As dastardly as some of his characters, Jim too possessed a certain poise and an 
elegance that not only made him attractive to the opposite sex but 
enabled him to pursue more varied roles.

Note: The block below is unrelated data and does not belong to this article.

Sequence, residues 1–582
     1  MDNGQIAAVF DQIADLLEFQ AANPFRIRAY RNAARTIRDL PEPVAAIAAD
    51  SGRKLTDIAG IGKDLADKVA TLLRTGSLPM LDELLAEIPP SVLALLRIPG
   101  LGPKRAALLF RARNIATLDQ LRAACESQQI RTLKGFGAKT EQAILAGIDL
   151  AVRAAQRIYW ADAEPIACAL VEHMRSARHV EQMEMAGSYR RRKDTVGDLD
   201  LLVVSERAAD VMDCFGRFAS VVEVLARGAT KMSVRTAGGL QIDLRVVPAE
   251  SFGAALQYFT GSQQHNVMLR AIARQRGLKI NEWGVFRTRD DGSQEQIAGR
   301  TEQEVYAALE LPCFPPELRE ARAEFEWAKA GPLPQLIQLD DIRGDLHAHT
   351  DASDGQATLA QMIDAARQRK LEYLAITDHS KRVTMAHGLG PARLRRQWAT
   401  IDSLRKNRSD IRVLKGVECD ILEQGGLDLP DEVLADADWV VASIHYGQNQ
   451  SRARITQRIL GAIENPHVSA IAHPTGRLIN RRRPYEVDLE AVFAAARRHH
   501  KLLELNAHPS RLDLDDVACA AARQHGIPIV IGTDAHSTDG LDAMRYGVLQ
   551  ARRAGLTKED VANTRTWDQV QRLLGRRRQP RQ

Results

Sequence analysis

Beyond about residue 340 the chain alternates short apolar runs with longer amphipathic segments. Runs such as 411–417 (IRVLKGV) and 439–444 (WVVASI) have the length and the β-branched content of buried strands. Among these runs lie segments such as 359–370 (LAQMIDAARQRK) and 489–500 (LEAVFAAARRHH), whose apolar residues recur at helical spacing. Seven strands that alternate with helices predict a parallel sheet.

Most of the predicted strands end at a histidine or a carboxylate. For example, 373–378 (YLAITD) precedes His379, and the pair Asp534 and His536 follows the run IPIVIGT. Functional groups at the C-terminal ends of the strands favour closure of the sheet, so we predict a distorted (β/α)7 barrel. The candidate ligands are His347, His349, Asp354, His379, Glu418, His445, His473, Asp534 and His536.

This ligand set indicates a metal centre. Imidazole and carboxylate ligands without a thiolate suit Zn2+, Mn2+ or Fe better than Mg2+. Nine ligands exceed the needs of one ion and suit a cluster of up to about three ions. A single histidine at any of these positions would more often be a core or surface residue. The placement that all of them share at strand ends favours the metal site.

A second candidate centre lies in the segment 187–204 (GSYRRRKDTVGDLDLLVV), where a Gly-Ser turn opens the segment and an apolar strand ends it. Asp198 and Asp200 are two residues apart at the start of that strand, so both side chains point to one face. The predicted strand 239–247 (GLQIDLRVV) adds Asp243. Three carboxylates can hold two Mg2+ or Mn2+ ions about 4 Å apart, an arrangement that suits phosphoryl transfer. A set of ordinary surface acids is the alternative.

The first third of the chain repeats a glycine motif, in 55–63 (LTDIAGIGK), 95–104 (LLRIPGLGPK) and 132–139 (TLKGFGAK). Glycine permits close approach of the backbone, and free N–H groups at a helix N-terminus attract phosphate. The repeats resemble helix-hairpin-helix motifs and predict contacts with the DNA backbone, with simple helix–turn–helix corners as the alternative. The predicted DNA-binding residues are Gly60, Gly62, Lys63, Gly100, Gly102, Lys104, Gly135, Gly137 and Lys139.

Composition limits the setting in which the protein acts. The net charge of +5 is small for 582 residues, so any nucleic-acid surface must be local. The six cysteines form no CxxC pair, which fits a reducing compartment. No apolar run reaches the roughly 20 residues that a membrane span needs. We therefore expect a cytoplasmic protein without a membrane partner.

James Cagney... What is there to say? As I sit here, writing and deleting what is certain to be a disjointed memorial, I find it difficult to describe who Jim really was, what he represented, and the legacy he left behind. A cinematic icon, he has been an influential force in the careers of film Gods like Eastwood and Scorsese and has left an indelible imprint on the history of film. Throughout his life, he presented vastly different portraits of what it meant to be an American, and as a man who considered himself a true patriot, this is perhaps the best compliment anyone could pay him. From the gritty realism of his gangster portrayals to his embodiment of the ultimate portrait of liberty in Yankee Doodle Dandy, Jim was both sides of the coin and 100% American tender. In later life, as his health failed, he enjoyed time on his farm (the one he had always dreamed of) and painting. Always a positive person, while he shirked the ballyhoo and public attention, he always remained grateful to his peers for their respect, and befriended many young fans who were curious about the aging icon and his unparalleled career. Jim passed away peacefully and with a wink (literally) on March 30, 1986. Having seen many of his friends go before him and seeing the world of Hollywood change around him, the straight shooter-- who could make no sense of the new "method" style of acting-- felt it was the proper time to take his final bow. He would remember his youthful vaudeville days with Willie as the happiest of his life and the enduring hardships of his youth as the most impactful, but it was his Hollywood years that remain with fans. In those years, he lent us his strength, passion, charisma, and swagger, and showed us that there is no moment in life so brutal that you can't handle it with equal parts guts and grace.